Rx for Singapore: A Weaker Currency as the Global Economy Deteriorates

From a tiger performance during the last ten years (with the exception of a brief recession during the global financial crisis in 2008), Singapore’s economy is now having a hard time to grow.

Both goods and trade services are being severely affected by a strong Singaporean dollar relative to other trading partners

The revised estimate of Singapore’s GDP growth in the second quarter confirmed that the economy has contracted sharply. At the same time, inflation has plummeted, and has become negative again as it was during the global financial crisis.

There are many reasons for this situation. First of all, Singapore is a very open economy and the global environment is not having its best moment right now.

Second, Singapore has become increasingly dependent on China, not only as part of the Asian production chain for parts and components (especially electronics), but also as a provider of financial and tourism services.

The share of services in Singapore’s GDP has grown to 70%, while the share of goods has dropped to below 30%.

Fragile Situation: Singapore’s Falling GDP

Sources: Bloomberg, Natixis

Losing competitiveness

Both goods and trade services are being severely affected by a strong Singaporean dollar relative to other trading partners. Measures of nominal and real effective exchange rates indicate that the Singaporean dollar has appreciated between 15-25% against a basket of currencies of its major trading partners and competitors.

This appreciation of the Singaporean dollar comes at a difficult time in which several of the country’s key industries are decelerating. The petrochemical industry, which accounts for 18% of Singapore’s exports, is suffering due to falling oil prices. Regional demand was sluggish as economic growth in Asian markets, such as China and Indonesia, declined during the quarter.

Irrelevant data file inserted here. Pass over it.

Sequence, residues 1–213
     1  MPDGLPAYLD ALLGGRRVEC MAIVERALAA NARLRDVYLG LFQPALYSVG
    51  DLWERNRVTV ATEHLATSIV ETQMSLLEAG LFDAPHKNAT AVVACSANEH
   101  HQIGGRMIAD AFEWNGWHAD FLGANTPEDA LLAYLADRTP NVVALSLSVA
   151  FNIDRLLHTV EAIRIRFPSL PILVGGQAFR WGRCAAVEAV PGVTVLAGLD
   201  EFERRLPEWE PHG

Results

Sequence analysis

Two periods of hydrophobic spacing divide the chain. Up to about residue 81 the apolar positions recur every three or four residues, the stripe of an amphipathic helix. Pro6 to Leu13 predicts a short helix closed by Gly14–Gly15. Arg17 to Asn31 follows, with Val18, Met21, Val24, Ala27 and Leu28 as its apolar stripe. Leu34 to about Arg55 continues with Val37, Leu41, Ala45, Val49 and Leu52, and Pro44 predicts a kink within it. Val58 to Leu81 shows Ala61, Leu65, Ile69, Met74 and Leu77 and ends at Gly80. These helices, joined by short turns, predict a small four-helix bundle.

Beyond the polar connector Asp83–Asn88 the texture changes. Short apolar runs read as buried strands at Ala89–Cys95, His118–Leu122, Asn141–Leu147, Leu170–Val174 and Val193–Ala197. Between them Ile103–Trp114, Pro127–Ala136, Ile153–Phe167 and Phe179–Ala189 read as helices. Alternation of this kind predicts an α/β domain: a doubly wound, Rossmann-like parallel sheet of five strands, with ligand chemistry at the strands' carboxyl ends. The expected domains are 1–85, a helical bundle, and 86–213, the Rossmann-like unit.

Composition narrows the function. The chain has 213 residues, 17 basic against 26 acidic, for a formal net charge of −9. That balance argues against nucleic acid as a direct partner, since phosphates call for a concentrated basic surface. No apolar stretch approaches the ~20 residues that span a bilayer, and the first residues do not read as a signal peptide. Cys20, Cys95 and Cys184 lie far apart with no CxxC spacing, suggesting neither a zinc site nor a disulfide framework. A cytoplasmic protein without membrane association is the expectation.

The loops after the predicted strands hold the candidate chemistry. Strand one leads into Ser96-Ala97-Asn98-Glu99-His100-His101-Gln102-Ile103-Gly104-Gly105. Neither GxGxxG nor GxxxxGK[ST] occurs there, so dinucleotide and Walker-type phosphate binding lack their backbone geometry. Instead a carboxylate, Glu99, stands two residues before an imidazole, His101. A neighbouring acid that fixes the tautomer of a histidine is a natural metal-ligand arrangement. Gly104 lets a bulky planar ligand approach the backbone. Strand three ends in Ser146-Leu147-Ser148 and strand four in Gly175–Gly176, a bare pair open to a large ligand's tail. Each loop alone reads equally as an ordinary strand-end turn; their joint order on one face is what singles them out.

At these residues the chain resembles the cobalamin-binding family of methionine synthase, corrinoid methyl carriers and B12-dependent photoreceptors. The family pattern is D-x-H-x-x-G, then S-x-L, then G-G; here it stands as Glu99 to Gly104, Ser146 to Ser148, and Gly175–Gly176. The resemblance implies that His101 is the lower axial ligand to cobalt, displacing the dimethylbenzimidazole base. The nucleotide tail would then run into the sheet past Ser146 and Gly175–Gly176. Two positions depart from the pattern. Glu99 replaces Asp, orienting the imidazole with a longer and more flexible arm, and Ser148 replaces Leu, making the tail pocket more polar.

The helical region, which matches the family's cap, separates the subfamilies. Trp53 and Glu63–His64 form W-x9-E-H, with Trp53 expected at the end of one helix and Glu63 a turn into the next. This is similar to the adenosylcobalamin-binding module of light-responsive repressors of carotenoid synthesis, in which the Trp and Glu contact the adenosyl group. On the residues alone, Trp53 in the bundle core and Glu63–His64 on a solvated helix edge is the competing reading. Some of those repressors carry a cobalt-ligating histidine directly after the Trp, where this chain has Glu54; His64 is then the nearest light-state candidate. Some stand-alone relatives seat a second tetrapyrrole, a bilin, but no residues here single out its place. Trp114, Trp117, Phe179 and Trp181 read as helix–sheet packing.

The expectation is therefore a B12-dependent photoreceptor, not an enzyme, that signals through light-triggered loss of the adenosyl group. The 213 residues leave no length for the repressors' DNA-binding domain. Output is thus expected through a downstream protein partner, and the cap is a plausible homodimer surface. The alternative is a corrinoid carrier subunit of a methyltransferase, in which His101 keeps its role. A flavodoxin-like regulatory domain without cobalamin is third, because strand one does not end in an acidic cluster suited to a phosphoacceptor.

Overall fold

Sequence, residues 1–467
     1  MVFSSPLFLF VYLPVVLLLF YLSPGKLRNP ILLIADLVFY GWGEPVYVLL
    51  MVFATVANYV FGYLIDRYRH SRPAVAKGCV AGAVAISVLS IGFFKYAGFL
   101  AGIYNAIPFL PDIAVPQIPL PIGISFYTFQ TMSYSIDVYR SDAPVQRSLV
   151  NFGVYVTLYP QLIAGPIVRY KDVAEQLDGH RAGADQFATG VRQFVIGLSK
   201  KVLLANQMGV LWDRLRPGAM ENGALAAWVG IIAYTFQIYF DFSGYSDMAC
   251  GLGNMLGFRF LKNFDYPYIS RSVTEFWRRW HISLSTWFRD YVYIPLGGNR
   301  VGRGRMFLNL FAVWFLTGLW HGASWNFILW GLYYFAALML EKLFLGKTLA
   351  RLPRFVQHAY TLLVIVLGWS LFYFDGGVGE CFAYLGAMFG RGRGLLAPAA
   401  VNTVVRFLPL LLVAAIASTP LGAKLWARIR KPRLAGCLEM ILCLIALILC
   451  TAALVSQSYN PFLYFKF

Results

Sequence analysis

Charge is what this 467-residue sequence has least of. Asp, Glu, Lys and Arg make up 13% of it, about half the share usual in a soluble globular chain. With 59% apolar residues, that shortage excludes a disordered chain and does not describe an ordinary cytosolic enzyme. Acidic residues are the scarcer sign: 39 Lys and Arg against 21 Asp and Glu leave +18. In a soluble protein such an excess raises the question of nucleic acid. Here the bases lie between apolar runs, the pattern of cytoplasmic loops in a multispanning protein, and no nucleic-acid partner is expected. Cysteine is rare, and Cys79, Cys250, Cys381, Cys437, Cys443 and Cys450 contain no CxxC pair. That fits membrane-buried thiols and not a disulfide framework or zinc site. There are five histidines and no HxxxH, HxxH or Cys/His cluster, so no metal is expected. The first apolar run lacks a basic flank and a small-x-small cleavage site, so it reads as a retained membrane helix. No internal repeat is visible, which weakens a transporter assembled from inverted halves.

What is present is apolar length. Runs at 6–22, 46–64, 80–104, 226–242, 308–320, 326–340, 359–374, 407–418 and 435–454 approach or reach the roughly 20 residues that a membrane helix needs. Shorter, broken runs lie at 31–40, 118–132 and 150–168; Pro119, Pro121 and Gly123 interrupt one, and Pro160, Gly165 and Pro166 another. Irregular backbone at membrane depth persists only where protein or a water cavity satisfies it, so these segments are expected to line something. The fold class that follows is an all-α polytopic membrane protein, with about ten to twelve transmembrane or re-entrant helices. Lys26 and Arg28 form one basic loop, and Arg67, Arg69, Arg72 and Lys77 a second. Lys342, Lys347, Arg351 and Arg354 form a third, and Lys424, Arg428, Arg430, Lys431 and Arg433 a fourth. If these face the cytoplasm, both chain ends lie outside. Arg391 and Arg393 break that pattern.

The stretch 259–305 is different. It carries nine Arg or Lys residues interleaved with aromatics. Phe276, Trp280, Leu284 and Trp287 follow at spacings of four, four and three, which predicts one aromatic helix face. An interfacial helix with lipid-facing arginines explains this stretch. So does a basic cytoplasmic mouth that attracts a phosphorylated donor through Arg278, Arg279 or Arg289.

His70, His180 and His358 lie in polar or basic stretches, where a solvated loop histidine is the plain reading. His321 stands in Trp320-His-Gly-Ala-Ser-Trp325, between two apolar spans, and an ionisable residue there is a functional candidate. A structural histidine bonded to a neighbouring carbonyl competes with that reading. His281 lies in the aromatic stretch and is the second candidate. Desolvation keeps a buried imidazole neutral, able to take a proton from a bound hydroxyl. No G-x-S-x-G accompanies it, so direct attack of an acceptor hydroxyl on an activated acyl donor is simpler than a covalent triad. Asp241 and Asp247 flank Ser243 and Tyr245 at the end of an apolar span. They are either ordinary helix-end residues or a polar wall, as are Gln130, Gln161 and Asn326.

Declining Oil and Non-Oil Exports

Sources: Bloomberg, Natixis

Second, financial services have reversed momentum since it surged during the fourth quarter of 2014. IPO activity has contracted. Forex turnover has come down. The fund management industry has seen a sequential pullback, as the one-off effect of sizeable 2014 performance fees has dissipated.

The number of tourists from Indonesia, who account for 18% of Singapore arrivals, has fallen 14.2% year-on-year in June

Third, tourism, an industry that is extremely sensitive to exchange rates, is feeling the pinch. Economic growth in the two key sources of tourists (China and Indonesia) is decelerating. The Indonesian rupiah has depreciated quite a lot. In addition, a key competitor for Singapore, Australia, has let its currency depreciate quite aggressively.

Will Chinese Tourists Continue to Visit?

Sources: Bloomberg, Natixis

The number of tourists from Indonesia, who account for 18% of Singapore arrivals, has fallen 14.2% year-on-year in June. At 13% of total arrivals, Chinese visitors represent Singapore’s second-largest market for inbound tourists. Arrivals from China have so far seen spectacular growth, but this was during the period when the renminbi was virtually pegged to the USD.

The question is what will happen during the second half of 2015, as China’s economic growth continues to decelerate. The RMB depreciation, even if moderate so far, is another big question mark for the future of the Singaporean economy

Weakening the SGD

In the current circumstances, with the huge amount of uncertainty in the Chinese economy, depreciation pressures in the emerging world and a waning economy domestically, it seems wise for Singapore to act preemptively and reduce the appreciation of the Singaporean dollar.

Given Singapore’s pitch for a relatively transparent exchange rate regime, the most elegant way to do this would be to reduce the slope of the band in which the Singaporean dollar is allowed to fluctuate.

Supporting such measure with an interest rate cut seems an ideal way for the Monetary Authority of Singapore to push the currency to a more growth-enhancing level, at a time where inflation is non-existent and, thus, not a constraint for MAS.  

About the Author

Alicia Garcia Herrero is Chief Economist, Asia Pacific, at Natixis, the second-largest banking group in France. This article was re-edited for clarity and conciseness.

Copyright 2015 by Natixis. All rights reserved.

Photo credit: Shutterstock

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